James Roger Sharp, professor emeritus of history in the Maxwell School, wrote an op-ed for Syracuse.com titled “Democracy on trial: Can we save it?” Sharp is an expert in American political history, having researched and written extensively about the history…
Reimagining the Best Environment for a Legal Education
From her office window in White Hall, College of Law Dean Hannah R. Arterian can’t quite see the daily progress on the impressive rising structure of Dineen Hall. The perspective looking across Irving Avenue is at an awkward angle. “In the stairwells you can get a better look,” Arterian says.
For Arterian, the second glance or a pause in the windowed stairways isn’t just about seeing the building taking shape, but about the possibilities that will soon be realized in the new centered and connected home of the College of Law.
Among its many features, the 200,000-square-foot, five-story building will have a number of smaller seminar classrooms conducive to team learning, the latest technology throughout its teaching and communal spaces, a teaching courtroom that models modern facilities and a central atrium that encourages interaction. The college will also now have its own major auditorium; Grant Auditorium in White Hall is managed by the University.
“Dineen Hall is a radical rethinking of the environment to benefit our students and a community of faculty who are dedicating their lives to the educational process,” Arterian says. “We want to create the best environment for students to help them develop their own success.”
In less than a year, the College of Law community will move into Dineen Hall, on the SU campus’ western edge and immediately west of the College of Law’s current buildings, E. I. White Hall and Winifred MacNaughton Hall. The new facility was kicked off by a $15 million naming gift by the Dineen family in 2010 to honor their parents, College of Law graduates Carolyn Bareham Dineen L’32 and Robert Emmet Dineen L’24, H’66.
The need for a new building is due in part to the responsiveness of the college to its educational responsibilities in providing a modern legal education that meets the rigorous standards for accreditation—and the expectations of students.
“Twenty-five years ago, there wasn’t a demand for a deep student life office, a placement operation or all the skills training and clinics that are needed,” Arterian says. “We also didn’t have then the kind of legal writing instruction that is required by ABA [American Bar Association] accreditation.”
An intense review
After reviewing the needs of the College of Law, administrators and members of the college’s board of advisors, chaired by Marc Malfitano L’78, visited the best examples of new law school designs. The plans, which came together under lead architect Richard Gluckman ’70, G’71, of the Gluckman Mayner architectural firm in New York, reflect the changing environment of learning.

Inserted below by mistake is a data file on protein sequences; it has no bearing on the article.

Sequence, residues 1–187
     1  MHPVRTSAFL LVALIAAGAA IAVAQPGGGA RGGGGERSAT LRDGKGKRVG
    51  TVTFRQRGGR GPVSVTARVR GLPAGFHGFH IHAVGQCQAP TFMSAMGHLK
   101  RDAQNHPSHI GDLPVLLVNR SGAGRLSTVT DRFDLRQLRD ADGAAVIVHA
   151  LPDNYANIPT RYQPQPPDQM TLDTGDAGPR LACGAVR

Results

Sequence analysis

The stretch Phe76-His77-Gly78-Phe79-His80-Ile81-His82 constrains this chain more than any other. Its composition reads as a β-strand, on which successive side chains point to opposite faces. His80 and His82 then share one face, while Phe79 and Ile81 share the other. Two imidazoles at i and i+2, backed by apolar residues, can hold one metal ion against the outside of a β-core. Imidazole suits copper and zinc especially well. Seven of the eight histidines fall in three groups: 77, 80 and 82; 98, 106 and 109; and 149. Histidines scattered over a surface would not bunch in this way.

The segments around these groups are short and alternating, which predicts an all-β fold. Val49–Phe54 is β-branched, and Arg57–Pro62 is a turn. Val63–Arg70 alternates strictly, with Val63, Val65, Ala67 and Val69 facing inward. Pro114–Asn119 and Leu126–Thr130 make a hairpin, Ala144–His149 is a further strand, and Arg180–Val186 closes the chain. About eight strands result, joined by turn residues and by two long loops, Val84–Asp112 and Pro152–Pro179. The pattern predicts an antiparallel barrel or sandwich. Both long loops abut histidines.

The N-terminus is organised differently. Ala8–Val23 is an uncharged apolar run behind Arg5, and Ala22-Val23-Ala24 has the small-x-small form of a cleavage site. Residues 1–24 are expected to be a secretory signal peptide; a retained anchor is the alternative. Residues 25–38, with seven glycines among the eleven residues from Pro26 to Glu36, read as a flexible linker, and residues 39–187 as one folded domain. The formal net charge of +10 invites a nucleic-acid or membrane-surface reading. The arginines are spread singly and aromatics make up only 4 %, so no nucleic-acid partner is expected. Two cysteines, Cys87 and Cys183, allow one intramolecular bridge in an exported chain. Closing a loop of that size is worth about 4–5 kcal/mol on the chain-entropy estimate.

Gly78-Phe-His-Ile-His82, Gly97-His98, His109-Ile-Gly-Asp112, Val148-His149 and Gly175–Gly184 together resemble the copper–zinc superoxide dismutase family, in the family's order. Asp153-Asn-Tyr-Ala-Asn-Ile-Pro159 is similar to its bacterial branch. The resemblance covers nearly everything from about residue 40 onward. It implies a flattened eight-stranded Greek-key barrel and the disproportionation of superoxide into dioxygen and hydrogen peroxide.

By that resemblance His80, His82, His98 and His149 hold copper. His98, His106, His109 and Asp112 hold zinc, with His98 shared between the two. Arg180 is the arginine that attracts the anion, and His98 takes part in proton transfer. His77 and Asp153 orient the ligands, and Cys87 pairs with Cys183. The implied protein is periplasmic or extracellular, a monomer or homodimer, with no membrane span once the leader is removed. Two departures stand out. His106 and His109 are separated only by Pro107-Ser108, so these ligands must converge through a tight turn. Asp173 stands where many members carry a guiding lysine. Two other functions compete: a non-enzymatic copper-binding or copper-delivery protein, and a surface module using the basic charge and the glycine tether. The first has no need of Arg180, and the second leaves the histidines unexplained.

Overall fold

As the steel frame of Dineen Hall has now risen and is being enclosed, the interior work begins this winter on all of the features that will make the building a distinct center of learning. “In terms of gross square feet, Dineen Hall is not much bigger than our buildings now. In terms of usable square feet it’s a lot bigger,” Arterian says. “It will be remarkably different.”
The plans include a teaching courtroom and a ceremonial courtroom, designed with the assistance of a federal court building consultant; a law clinic suite; and smaller classroom spaces, with eight seminar rooms for between 16 to 25 students, natural lighting and technology commensurate with the needs of today’s students.
“The classrooms will be technologically extraordinarily different than what we have now,” Arterian says. “It’s going to change both the teaching and the learning experience for our students.”
A critical asset of the new facility is its central atrium space, which is not present in the college’s current layout, and the collaboratory space. The sense of community and opportunities for mentoring and academic interactions will be enhanced through the informal spaces apparent in the atrium and other spaces. “The building is the home for the law students, and in general we have a faculty that is much more present in the facility than in some other law schools, so we wanted to make that evident and encourage those interactions,” the dean says.
The locations of the various operations, such as student life and professional development, will also create natural synergies between people and the work that goes on. “The hope is that all those things will make us more efficient and more effective. It will also make people more aware of the depth of what exists here in terms of the students, staff and faculty,” Arterian says.
This story is adapted from an article in the fall 2013 edition of Syracuse Law.